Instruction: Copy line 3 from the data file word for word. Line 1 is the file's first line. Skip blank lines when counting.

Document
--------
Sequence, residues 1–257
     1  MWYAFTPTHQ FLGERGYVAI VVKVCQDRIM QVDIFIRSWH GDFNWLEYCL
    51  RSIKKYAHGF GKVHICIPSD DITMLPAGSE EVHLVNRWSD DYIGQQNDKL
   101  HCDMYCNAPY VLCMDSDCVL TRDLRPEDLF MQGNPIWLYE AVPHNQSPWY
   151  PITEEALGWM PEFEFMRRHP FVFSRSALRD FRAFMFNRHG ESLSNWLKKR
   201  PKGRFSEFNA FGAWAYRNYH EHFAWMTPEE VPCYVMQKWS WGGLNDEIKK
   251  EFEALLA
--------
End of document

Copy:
    51  RSIKKYAHGF GKVHICIPSD DITMLPAGSE EVHLVNRWSD DYIGQQNDKL